Stephen Dinan, Washington Times, June 7, 2006
ARTESIA, N.M.—President Bush has been making a strong push for illegal aliens to assimilate as he stumps for passage of a plan to legalize most of them, but a new poll shows that voters actually want less immigration and more security.
And even Mr. Bush’s own pollster, in another recent poll, failed to ask about a pathway to citizenship, instead focusing on temporary legal status for illegal aliens—a concept Mr. Bush no longer endorses.
About half of those surveyed in the new poll by MWR Strategies said the immigration problem facing the U.S. is “too much immigration,” while just 29 percent identified the problem as “not enough assimilation.”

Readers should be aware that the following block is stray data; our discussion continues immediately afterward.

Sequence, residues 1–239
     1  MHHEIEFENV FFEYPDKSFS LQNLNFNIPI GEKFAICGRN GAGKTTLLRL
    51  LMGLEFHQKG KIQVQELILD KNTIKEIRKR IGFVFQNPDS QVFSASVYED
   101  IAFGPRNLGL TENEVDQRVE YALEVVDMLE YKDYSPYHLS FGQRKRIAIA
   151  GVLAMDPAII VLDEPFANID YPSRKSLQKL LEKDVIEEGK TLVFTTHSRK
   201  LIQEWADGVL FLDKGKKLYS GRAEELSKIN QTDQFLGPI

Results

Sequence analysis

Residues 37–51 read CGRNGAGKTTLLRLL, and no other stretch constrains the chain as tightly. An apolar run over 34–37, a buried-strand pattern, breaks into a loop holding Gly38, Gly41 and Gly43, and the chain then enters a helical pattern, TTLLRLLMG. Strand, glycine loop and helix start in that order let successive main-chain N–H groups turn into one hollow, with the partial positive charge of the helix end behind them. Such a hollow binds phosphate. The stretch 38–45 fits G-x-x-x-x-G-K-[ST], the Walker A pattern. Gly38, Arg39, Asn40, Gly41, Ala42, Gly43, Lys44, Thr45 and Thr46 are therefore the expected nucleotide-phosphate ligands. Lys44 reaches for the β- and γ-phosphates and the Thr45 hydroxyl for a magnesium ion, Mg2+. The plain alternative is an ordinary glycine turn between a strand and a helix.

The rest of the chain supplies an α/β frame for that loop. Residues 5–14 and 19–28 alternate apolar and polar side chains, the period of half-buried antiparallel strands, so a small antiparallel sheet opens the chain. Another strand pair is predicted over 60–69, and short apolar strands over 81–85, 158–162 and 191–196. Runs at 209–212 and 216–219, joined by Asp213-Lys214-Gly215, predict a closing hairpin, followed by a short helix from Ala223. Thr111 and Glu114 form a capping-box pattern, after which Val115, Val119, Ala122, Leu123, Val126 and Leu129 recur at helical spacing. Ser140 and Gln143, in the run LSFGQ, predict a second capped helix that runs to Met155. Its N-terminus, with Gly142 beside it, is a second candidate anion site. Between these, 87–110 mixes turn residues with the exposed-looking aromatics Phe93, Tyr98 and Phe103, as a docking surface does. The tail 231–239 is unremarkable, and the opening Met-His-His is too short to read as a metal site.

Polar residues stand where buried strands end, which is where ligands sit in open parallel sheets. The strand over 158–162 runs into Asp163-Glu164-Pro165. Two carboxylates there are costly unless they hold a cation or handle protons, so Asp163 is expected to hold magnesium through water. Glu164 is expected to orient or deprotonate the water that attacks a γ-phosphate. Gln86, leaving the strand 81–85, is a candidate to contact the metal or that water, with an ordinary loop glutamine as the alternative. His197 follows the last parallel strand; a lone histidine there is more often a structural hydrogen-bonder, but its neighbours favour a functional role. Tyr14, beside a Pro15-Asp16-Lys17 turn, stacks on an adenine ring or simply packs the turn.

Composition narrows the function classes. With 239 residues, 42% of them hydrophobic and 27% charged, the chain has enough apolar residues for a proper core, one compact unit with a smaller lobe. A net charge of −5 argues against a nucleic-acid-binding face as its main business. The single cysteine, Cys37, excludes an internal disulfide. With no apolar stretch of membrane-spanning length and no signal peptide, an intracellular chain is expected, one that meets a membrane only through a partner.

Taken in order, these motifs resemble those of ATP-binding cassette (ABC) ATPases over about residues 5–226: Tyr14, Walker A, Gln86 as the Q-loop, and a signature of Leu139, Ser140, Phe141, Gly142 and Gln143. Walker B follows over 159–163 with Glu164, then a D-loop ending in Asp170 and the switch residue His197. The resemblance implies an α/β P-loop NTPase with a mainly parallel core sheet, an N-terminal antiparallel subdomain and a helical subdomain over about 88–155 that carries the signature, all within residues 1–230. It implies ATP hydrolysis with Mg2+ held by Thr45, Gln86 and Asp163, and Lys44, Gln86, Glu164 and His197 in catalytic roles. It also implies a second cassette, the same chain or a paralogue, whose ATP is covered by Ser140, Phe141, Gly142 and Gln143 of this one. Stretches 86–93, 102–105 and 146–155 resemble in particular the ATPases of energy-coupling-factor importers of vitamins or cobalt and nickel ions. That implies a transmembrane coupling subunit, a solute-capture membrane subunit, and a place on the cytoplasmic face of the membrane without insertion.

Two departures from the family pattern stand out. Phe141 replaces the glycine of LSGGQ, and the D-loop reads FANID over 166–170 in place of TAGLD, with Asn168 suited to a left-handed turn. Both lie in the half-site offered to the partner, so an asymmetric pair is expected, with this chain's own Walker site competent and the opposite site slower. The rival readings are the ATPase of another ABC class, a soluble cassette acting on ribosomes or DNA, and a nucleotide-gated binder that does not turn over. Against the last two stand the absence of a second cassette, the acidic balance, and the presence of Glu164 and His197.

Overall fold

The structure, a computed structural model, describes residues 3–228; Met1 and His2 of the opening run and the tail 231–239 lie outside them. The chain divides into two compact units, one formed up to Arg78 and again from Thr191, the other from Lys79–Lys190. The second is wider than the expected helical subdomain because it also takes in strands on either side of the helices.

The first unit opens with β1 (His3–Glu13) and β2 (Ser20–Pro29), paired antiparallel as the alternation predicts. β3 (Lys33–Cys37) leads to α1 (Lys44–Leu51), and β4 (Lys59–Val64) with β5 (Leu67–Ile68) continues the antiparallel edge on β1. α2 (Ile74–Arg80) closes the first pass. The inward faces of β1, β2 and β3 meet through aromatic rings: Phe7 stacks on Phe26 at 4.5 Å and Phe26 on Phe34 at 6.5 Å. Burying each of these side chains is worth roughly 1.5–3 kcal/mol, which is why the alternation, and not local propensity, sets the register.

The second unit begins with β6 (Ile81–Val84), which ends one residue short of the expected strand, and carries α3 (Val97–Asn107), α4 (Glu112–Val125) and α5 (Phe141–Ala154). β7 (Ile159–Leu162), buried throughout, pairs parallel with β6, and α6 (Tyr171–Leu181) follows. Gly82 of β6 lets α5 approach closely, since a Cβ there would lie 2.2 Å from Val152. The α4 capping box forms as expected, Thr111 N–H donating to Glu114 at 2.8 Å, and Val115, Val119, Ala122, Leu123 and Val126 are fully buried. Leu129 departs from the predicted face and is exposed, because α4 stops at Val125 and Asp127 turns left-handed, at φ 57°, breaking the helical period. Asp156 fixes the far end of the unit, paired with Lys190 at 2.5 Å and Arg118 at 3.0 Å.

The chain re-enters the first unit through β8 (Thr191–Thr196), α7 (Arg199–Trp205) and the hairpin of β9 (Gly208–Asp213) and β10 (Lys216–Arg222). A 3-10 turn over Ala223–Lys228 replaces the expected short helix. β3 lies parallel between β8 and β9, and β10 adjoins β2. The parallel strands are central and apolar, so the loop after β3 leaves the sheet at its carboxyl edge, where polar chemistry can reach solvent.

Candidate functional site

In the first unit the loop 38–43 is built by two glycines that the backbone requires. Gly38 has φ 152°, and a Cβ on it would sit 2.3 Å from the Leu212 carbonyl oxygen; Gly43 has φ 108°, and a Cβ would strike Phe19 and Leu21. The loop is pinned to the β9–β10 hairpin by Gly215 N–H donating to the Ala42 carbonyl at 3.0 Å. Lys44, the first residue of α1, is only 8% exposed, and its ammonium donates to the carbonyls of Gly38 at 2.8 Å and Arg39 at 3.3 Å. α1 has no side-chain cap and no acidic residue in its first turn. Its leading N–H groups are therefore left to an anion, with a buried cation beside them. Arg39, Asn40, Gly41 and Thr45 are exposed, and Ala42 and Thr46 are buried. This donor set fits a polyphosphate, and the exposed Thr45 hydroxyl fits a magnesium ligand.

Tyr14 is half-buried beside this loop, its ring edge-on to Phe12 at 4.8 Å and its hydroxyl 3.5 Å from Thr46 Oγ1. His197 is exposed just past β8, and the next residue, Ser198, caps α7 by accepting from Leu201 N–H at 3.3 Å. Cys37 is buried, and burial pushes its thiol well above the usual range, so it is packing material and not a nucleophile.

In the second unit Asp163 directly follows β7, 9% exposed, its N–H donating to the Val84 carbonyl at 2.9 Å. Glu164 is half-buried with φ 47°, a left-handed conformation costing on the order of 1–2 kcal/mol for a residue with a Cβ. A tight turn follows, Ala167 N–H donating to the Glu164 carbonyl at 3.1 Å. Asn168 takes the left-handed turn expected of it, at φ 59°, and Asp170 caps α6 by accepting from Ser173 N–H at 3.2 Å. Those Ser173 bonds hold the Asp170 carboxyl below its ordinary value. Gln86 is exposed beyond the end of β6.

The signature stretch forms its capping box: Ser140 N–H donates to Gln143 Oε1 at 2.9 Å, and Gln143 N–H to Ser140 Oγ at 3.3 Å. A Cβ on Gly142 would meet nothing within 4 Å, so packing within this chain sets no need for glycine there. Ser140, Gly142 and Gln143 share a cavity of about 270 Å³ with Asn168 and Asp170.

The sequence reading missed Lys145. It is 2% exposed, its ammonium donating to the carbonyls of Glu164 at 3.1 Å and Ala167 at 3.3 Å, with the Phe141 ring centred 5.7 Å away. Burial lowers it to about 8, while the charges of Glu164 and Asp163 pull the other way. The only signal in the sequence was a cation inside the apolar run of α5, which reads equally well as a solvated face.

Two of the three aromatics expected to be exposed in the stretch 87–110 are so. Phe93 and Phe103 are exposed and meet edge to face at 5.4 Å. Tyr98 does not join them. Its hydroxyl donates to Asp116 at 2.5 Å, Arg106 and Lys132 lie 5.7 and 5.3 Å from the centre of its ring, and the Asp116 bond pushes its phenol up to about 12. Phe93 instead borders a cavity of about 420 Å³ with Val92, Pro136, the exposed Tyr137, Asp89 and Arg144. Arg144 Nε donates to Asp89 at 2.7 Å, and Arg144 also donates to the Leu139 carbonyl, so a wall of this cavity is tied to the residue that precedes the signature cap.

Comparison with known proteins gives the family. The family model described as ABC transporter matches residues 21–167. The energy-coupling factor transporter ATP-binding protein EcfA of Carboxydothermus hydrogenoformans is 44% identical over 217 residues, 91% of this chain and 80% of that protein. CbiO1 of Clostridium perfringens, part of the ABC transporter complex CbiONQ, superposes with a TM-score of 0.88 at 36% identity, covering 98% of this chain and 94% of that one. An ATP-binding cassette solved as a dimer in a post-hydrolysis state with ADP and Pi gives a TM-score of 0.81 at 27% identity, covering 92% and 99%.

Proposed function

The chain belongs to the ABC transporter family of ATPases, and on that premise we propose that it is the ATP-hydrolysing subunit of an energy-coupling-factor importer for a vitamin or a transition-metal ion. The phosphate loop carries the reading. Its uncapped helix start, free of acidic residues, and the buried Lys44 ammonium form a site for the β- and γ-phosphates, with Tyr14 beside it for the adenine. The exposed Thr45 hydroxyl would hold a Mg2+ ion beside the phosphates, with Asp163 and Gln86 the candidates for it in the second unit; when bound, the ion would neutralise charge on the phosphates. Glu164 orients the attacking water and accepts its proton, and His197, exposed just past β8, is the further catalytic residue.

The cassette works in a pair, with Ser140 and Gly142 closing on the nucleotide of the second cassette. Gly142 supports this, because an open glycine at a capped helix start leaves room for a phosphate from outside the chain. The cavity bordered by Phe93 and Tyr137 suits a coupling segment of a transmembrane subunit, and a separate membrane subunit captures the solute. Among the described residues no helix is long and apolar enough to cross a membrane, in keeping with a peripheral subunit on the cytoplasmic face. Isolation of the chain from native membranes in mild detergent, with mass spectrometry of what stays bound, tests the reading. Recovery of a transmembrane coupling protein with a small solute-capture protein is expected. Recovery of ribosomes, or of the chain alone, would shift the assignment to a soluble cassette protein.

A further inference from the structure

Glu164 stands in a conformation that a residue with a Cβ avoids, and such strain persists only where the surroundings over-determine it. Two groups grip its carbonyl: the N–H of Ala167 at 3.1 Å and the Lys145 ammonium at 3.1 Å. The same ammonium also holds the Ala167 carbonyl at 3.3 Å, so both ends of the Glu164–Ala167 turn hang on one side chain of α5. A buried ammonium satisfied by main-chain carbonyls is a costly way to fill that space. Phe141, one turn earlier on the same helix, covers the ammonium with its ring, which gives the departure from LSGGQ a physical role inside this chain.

Michael McKenna, who conducted the poll of 1,000 registered voters, said it suggests that Mr. Bush is moving in the wrong direction by embracing a path to citizenship.
“The practical import of it is, all this yak-yak about path to citizenship—more than half the population looks at it and says there’s just too much. We need less of it,” he said.
“If you think the problem is just too much immigration, you don’t care about path to citizenship or any of that other stuff.”
When asked the best way to address immigration, 36 percent said penalize businesses for hiring illegal aliens, while 35 percent said create a path to citizenship and 17 percent said build a wall.